Currently Reading [27/05]

Humankind: A Hopeful History by Rutger Bregman [nonfiction, philosophy, history] I’m a huge fan of Bregman’s talks and I’ve been meaning to get into his books for a while now. His recent story on the real Lord of the Flies was just wonderful, too. Really looking forward to this one.

Cage of Souls by Adrian Tchaikovsky [dystopian, science fiction] This is one BIG book! I’m really enjoying the audiobook, but it is 23 hours (!), so it’s gonna take me a while. The descriptions are great so far.

Vexy Thing: On Gender and Liberation by Imani Perry [nonfiction, feminism, history] The introduction was absolutely mind-blowing! The author relays the story of the novel Oroonoko by Aphra Behn, which was written in 1688 and is apparently one of the first English novels ever written. It’s about the love between the eponymous hero, and Imoinda, his true love. Perry writes: Behn’s bifurcated tales of fortune and misfortune, The Forc’d Marriage and Oroonoko are, in turn, comedic and tragic. They are twin narratives of the development of modern patriarchy. Another part that struck me was the case of Amanda Dickson that Perry highlights. Dickson was a biracial woman in the late 1800s whose white father sought to bestow his fortune upon. Perry writes, But in [Amanda Dickson] we have a record of a life that surely must have been dizzying, anxiety-rendering, and rife with heartache. In that she wasn’t alone; she certainly was a part of a staggering majority: those who failed to be and were failed by the patriarchs in their midst.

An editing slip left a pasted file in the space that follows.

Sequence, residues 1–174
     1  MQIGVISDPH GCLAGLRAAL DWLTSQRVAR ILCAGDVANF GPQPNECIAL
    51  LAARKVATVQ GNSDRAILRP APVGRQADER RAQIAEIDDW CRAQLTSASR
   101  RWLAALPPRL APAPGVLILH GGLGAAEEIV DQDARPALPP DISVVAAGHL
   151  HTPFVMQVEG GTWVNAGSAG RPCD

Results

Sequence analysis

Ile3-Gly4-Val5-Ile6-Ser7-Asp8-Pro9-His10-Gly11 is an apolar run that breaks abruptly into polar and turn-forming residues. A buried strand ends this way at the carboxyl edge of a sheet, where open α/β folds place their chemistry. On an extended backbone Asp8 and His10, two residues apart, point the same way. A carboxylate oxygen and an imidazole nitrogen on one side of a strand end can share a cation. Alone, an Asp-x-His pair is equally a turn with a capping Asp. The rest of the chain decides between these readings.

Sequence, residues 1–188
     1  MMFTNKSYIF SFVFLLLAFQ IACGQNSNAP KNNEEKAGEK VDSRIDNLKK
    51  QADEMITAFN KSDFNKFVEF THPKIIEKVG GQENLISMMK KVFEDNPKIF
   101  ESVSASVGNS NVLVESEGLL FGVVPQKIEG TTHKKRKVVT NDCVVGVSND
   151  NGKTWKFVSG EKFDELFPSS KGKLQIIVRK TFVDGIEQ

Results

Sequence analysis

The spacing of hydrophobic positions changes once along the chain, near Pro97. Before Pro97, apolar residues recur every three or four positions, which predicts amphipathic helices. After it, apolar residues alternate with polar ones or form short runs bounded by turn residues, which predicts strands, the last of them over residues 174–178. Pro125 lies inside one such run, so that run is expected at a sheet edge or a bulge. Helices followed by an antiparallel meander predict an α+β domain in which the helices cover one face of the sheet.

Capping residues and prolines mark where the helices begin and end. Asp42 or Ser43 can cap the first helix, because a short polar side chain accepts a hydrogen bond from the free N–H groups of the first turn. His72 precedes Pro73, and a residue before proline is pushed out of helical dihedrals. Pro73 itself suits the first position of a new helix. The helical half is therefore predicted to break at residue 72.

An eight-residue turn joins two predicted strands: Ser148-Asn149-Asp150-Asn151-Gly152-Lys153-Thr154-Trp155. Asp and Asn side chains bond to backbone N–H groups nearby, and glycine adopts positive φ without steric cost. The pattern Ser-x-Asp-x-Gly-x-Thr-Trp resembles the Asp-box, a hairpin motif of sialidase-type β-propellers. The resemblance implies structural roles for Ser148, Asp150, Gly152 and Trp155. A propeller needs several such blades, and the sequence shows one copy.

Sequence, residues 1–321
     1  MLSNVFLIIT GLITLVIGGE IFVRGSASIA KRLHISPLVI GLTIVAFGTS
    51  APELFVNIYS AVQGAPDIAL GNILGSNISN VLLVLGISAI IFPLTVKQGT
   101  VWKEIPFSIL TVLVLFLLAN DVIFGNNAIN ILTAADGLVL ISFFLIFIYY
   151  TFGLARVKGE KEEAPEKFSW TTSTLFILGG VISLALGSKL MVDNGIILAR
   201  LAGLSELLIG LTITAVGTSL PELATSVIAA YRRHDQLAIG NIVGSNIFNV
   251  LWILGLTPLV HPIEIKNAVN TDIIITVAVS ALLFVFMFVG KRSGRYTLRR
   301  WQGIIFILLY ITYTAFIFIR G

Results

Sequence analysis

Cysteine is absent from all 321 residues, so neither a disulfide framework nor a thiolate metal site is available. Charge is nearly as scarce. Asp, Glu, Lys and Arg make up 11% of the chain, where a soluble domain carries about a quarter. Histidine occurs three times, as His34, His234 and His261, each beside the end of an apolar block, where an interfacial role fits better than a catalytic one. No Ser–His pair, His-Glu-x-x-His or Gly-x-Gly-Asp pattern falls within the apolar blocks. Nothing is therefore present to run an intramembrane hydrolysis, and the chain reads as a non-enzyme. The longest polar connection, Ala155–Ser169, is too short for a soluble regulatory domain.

Days Without End by Sebastian Barry [historical fiction, lgbt+] Not far into this one yet, but so far the main lads Thomas McNulty and John Cole have spent an enjoyable stretch of time working as dancers and enjoying the dresses they get to wear and the dances they have with the men. Lovely prose as well!

Some great covers for these ones, too:

Mini Review Roundup [25/05]

This was an audiobook and poetry weekend, to be sure! After finishing Gold Rush Manliness and Everything You Love Will Burn, I decided to pick up some romance and poetry. I have a lot more nonfiction on my list, but mixing it up definitely keeps things interesting. I’m also enjoying Cage of Souls by Adrian Tchaikovsky, an epic sci-fi book.

Almost Love by Louise O’Neill

All she wanted to do was stand there and look. Being by the sea always made Sarah feel small. Insignificant in a way that was comforting somehow.

I’m actually setting this one aside for now. About halfway done, and whilst I really do like O’Neill’s writing and I’m definitely going to try one of her other books, I’m not in the right mood for this one. I think what the book is trying to depict is an important topic to discuss – how bad relationships can become – but I don’t think I’m in the head space for it. As well, Sarah is a character that I’m struggling to connect to. I’ll probably come back to this at some point though. The story certainly does draw you in.

I also picked out a few poems to read this week as I was definitely missing poetry. Uncanny Magazine has a lot of great poetry, so I checked out some of their recent issues

Issue 31 / Issue 32.

I started with ‘Who Do You Think You Are’ by Ada Hoffmann.

Have you ever torn through a forest of books, trawling the half-naked
flotsam
of dream and the tarnish of myth, desperately seeking
a memory?

Pretty, right? I liked this one. What a lovely poem. Available here.

Followed it up with Brandon O’Brien’s ‘Elegy for the Self as Villeneuve’s Belle’, which was brilliant.

Wanting pretty things is hunger, too,
and having is feasting, denied by few.